The candidates for president, and for Congress, must be shown this decision and they must take a position on it. They must have questions shouted at them about it at press conferences and signs asking them about it at their public rallies. The presidential candidates must be asked whether they will appoint federal judges who will rule that there is an individual right to keep and bear arms under the Second Amendment. Candidates for the United States Senate must be asked whether they will vote to confirm an appointment of a candidate who does not pledge to support the Second-Amendment.
You see, we patriots have to start deciding what we are going to do if we find ourselves with no Second Amendment. There are already legislative and court attacks on the rest of the Bill of Rights: anti-terrorism legislation which attacks the Fourth, Fifth, and Sixth amendments; a Communications Decency Act which threatens the First Amendment. Ultimately, protections written on parchment are only as good as the will, and power, of the people to enforce them.
Are you willing to live in a United States of America where you have no legal standing to sue for violation of your Constitutional rights? If you are, you and I have nothing further to discuss.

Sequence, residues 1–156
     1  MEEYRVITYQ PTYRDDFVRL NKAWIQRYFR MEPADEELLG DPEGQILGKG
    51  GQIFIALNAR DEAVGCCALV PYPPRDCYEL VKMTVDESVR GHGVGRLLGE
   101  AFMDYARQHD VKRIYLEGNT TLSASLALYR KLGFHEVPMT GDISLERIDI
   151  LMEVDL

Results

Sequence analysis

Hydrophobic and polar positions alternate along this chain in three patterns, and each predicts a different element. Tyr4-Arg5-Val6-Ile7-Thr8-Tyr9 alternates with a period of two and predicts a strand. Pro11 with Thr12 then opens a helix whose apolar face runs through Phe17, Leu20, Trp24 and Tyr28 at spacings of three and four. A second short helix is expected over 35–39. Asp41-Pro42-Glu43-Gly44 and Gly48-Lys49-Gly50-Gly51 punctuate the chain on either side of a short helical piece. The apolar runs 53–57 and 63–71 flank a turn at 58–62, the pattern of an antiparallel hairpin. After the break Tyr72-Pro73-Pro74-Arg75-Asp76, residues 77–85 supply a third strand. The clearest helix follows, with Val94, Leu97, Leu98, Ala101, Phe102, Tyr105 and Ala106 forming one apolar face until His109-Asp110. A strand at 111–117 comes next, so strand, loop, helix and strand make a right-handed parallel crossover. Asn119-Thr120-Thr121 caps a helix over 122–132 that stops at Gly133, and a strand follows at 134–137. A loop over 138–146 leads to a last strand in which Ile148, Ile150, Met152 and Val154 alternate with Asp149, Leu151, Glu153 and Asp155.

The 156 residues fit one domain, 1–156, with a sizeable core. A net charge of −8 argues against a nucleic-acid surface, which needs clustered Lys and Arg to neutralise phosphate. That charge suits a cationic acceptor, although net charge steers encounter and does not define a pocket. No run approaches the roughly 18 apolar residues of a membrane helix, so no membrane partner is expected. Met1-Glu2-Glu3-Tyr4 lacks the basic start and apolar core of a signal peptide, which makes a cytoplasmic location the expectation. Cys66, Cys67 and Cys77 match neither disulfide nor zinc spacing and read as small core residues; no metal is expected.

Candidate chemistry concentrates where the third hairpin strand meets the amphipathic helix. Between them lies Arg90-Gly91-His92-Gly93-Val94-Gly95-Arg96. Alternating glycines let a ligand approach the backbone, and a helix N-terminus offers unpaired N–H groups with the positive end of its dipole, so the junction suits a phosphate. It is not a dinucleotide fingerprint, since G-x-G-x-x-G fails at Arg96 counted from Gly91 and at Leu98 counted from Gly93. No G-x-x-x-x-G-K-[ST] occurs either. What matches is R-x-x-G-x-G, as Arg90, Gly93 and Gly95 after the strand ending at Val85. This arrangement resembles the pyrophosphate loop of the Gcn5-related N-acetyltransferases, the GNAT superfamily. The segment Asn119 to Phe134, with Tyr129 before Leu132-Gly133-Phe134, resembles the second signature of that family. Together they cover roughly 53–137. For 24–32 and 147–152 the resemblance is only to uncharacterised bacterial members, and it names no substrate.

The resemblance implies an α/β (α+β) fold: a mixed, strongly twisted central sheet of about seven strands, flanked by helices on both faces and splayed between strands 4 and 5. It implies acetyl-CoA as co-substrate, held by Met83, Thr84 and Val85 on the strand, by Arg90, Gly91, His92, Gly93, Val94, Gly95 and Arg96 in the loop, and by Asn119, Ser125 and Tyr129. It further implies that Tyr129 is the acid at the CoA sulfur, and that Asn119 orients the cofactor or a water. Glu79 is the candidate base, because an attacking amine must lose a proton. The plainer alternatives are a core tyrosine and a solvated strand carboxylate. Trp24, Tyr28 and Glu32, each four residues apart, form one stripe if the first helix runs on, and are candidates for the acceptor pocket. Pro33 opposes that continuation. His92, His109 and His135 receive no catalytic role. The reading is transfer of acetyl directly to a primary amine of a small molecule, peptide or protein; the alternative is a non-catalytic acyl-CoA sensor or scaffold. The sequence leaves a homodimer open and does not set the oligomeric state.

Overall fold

But if you are not willing to live in a country where a federal court can say you have as few rights as a slave -- then what are you willing to do about it?
Update, October, 1996: On October 6, 1996, in the beginning of its 1996 session, the Supreme Court of the United States denied Hickman's Petition for a Writ of Certiorari, refusing to review the Ninth Circuit Court of Appeals ruling that a citizen of the United States has no standing to claim violation of his rights under the Second Amendment to the United States Constitution.
Recently, in Australia, new legislation was passed which requires Australians to surrender to the government all handguns, and semi-automatic rifles and shotguns, with severe criminal penalties for not doing so after a period of amnesty. The Australian Department of Justice at Victoria posted a FAQ (Frequently Asked Questions) on its website at http://www.firearmsreform.vic.gov.au/ . The website is also fascinating in that it also includes information on what places and times firearms may be surrendered to the government, and every page carries the Orwellian-sounding legend, "We need to comply."
The following question and answer may provide some perspective on the Hickman decision:
Q. But surely people have the right to own firearms?If you're interested in one possible long-term outcome of the Hickman decision, click here.
There is no right enshrined in the Australian constitution to carry arms nor does Australia have a Bill of Rights similar to the United States of America. Having a firearms licence is a privilege just as a driver licence is and there are responsibilities attached to that privilege.